October 20, 2018

Crushes of the Week: October 14-20, 2018

This week's crushes:
  1. Up the Mountain Path by Marianne Dubuc (Princeton Architectural Press, October 2018)
  2. Two Problems for Sophia by Jim Averbeck and Yasmeen Ismail (Margaret K. McElderry Books, June 2018)
  3. Adrian Simcox Does NOT Have a Horse by Marcy Campbell and Corinna Luyken (Dial Books, August 2018)
  4. Birds from Head to Tail by Stacey Roderick and Kwanchai Moriya (Kids Can Press, October 2018)
  5. Ira Crumb Feels the Feelings by Naseem Hrab and Josh Holinaty (Owlkids Books Inc., October 2018)
  6. Sleepy, the Goodnight Buddy by Drew Daywalt and Scott Campbell (Disney-Hyperion, September 2018)
     

October 18, 2018

PEEK-A-WHO?

Who says books can come in all shapes and sizes? Elsa Mroziewicz, creator of Peek-a-Who?, that's who!


October 16, 2018

Let's Talk Illustrators #86: Oge Mora

Reading Oge Mora's author debut Thank You, Omu! is like eating a hearty soup while wrapped in a blanket with your family all around you. It makes you feel warm, safe, and loved, and it reminds us that kindness comes in all shapes and sizes, even stew-shaped sizes. And, of course, it reminds us that lifting up a community and bringing people together over a tasty meal can never steer you wrong. It was a blast chatting with Oge about this book and her personal connections to it, and I'm thrilled to share that conversation with you all today.


October 14, 2018

BOATS ON THE BAY

Boats on the Bay by Jeanne Walker Harvey and Grady McFerrin might be the most beautiful book I've ever seen about boats. Seriously, like ever.


October 13, 2018

Crushes of the Week: October 7-13, 2018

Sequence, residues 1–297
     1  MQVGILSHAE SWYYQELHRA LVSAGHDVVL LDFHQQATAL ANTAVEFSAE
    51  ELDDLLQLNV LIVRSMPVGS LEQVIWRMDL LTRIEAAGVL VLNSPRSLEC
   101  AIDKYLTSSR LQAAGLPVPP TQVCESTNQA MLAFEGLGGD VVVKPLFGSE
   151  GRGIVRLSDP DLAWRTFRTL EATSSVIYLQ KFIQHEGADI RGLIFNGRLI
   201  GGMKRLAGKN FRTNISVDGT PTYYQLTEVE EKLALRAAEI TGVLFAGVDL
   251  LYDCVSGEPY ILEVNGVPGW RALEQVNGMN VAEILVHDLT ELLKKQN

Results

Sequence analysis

This week's crushes:
  1. Felix by Giovanna Zoboli and Simona Mulazzani (Eerdmans Books for Young Readers, August 2018)
  2. King Alice by Matthew Cordell (Feiwel & Friends, September 2018)
  3. Albert's Very Unordinary Birthday by Daniel Gray-Barnett (Kids Can Press, September 2018)
  4. A Tiger Called Tomás by Charlotte Zolotow (Sourcebooks Jabberwocky, August 2018)
  5. Catalina and the King's Wall by Patricia Costello and Diane Cojocaru (Eifrig Publishing, May 2018)
  6. Chomp Goes the Alligator by Matthew Van Fleet (Simon & Schuster/Paula Wiseman Books, September 2018)
  7. Ancient Warriors by Iris Volant and Joe Lillington (Flying Eye Books, August 2018)
  8. 1 Grumpy Bruce: A Counting Board Book by Ryan T. Higgins (Disney-Hyperion, October 2018)
      

October 11, 2018

THE STUFF OF STARS

The Stuff of Stars by Marion Dane Bauer and Ekua Holmes is a magical book that must be experienced to be fully understood and appreciated.


October 9, 2018

Let's Talk Illustrators #85: Jon Agee

I will admit that sometimes I wait to interview a book creator. Not because that person is busy––books and books might go by while I wait––but because I'm waiting for the right book, the book I have to talk to them about. Jon Agee is one such creator, and the book I've been waiting for is The Wall in the Middle of the Book. You probably know Jon's work by now (they've won many, many, awards), but I waited for this book because it addresses what a book is: two rectangles connected by a line down the middle. Wall puts forth a hilarious story that uses the gutter (middle of the book) as its crux and opens our minds to the possibilities of what lies outside of the book itself. Enjoy our conversation!


October 6, 2018

Crushes of the Week: September 30-October 6, 2018

This week's crushes: